It is widely acknowledged that the mantra of sustainability has triggered a fundamental
reversal in the core of design practice: If the original purpose of architecture was
to protect humans from the destructive actions of nature, today it should protect
nature from the damaging actions of humans. But sustainable design is far from being
a coherent body of fully totalized ideas: it has a broad spectrum of disputing interpretations
that oscillate between the deterministic models of energy control and technological
efficiencies, and the moralistic and romantic approaches that attempt to see in nature
and natural processes a fundamental way to de-escalate the global urban footprint
and its associated patterns of consumption.However, mainstream green design has been evolving by progressively absorbing the
narrative of deep ecology. Nature has been being integrated into architecture literally,
by inserting vegetation onto buildings; digitally, by bringing environmental data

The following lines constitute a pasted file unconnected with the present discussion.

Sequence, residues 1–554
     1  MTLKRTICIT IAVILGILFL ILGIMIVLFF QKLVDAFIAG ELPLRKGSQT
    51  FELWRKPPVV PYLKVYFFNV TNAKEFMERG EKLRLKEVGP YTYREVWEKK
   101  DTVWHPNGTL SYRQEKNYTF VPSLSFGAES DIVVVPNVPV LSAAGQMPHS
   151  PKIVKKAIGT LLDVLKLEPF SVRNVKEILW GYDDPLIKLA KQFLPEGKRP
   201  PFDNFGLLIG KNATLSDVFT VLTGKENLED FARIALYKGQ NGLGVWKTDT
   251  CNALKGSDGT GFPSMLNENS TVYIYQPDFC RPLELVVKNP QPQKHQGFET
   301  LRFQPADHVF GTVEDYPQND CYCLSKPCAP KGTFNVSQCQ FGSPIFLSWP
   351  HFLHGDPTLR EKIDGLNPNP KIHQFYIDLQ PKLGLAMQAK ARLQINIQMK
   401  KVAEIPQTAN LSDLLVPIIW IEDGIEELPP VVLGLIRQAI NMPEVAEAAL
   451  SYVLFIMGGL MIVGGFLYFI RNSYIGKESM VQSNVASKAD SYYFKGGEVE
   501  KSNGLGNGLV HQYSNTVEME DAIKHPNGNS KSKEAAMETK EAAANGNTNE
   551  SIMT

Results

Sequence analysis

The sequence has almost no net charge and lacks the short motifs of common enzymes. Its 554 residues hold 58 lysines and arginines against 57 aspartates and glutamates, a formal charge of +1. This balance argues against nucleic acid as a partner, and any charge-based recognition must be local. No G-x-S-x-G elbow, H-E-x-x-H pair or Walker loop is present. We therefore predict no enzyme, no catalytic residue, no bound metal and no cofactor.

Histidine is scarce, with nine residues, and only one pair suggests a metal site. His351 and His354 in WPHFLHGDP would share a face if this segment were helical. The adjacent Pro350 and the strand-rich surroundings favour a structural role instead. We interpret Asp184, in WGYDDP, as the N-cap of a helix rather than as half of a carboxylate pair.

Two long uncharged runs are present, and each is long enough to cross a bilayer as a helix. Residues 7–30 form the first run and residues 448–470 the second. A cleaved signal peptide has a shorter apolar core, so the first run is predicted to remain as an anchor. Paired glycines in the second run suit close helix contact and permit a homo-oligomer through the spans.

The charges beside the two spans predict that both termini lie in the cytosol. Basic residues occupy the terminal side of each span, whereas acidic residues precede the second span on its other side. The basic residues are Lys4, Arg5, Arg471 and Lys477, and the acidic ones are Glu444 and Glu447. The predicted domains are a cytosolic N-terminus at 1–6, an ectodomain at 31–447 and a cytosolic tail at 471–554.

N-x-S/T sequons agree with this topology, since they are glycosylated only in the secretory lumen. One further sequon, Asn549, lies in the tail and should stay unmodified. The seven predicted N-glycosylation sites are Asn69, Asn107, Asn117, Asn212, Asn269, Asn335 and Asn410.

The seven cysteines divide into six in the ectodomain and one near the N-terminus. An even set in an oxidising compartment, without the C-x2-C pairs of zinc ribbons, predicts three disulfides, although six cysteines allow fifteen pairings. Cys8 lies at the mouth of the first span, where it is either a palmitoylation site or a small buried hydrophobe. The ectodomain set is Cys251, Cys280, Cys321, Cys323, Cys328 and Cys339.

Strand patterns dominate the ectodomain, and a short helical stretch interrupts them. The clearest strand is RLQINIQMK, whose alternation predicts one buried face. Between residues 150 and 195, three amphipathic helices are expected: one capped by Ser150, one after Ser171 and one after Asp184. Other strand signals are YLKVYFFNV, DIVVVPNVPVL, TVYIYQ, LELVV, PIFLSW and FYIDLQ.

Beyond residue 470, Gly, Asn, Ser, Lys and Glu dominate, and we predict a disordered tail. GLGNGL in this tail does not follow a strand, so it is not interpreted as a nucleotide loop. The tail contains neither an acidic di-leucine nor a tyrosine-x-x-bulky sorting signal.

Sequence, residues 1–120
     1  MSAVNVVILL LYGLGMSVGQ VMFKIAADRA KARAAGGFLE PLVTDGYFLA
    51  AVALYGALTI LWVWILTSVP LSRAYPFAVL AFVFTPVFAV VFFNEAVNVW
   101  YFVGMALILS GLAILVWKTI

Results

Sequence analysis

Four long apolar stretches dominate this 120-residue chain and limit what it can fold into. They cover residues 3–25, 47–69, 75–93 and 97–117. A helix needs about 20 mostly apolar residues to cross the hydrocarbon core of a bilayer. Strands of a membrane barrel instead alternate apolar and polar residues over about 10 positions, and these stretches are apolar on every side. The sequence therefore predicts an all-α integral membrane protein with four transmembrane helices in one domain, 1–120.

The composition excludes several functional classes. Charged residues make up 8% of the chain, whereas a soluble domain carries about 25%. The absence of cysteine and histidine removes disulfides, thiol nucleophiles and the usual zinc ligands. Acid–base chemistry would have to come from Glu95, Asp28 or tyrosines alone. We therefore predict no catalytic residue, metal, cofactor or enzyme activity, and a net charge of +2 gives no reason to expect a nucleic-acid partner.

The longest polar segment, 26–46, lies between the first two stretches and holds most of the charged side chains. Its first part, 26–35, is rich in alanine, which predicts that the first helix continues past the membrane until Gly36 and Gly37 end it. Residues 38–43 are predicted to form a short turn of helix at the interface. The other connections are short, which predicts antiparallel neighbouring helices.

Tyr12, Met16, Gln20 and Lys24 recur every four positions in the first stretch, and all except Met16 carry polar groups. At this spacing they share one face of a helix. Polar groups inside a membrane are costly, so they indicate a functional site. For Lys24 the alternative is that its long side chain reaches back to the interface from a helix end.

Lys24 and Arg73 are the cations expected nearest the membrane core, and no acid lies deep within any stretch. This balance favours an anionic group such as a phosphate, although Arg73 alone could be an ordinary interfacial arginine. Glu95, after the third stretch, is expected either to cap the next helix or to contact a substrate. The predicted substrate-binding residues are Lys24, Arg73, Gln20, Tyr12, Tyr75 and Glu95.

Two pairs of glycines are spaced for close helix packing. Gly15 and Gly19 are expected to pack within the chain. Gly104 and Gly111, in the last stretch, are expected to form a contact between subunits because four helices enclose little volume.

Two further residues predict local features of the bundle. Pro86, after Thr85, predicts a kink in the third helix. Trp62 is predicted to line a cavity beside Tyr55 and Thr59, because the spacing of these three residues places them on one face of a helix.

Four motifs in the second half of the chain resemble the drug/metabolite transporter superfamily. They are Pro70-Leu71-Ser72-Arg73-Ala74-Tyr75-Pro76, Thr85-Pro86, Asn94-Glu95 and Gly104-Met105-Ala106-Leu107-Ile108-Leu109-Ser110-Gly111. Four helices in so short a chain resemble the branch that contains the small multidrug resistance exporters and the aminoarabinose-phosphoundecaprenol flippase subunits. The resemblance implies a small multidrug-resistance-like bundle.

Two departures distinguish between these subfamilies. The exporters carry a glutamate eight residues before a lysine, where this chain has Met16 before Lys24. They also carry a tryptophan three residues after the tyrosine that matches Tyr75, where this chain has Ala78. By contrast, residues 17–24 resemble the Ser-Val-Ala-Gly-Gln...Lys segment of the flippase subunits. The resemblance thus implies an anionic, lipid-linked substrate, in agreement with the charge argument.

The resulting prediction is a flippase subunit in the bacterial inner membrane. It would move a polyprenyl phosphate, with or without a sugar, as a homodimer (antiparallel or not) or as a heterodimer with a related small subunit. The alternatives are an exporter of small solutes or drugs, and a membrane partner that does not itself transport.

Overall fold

into the design process (climate records, wind streams, sun rotation and air flows
are computed, modelled and effectually shape architectures), and transcendentally,
by claiming that sustainable architecture nurtures “the existing and evolving connections
between spiritual and material consciousness.” The acknowledgement of the inexorable
affiliation between architecture and the environment is, of course, not exactly new.
What is distinctive today is the reification of the role of nature in architecture
as an ideological stance, now totally intertwined with state-of-art data processing
and the market-driven tools brought by Natural Capitalism.This paper will examine emblematic “green” buildings produced by leading architects
such as Pelli Clarke Pelli, William McDonough, Stefano Boeri, Norman Foster and BIG
in the light of Tim Morton’s, Slavoj Zizek and Bruno Latour’s critique of nature.
It will illustrate how, despite being able to successfully forge new creative freedoms
by exploring hybridizations between the domains of design and science, sustainability’s
self-righteous “naturalistic” narrative is enabling a vision of the architect as an
“expert manager” focused on producing projects of ecologic “beautification” while
assumed to be “saving the world,” effectively depoliticizing the architectural practice.
Nevertheless, these examples attest that there is a vast and fertile field of ideas
to be explored and in this regard it is important to underline that we are still in
the embryonic outset of the engagement of architecture with sustainability.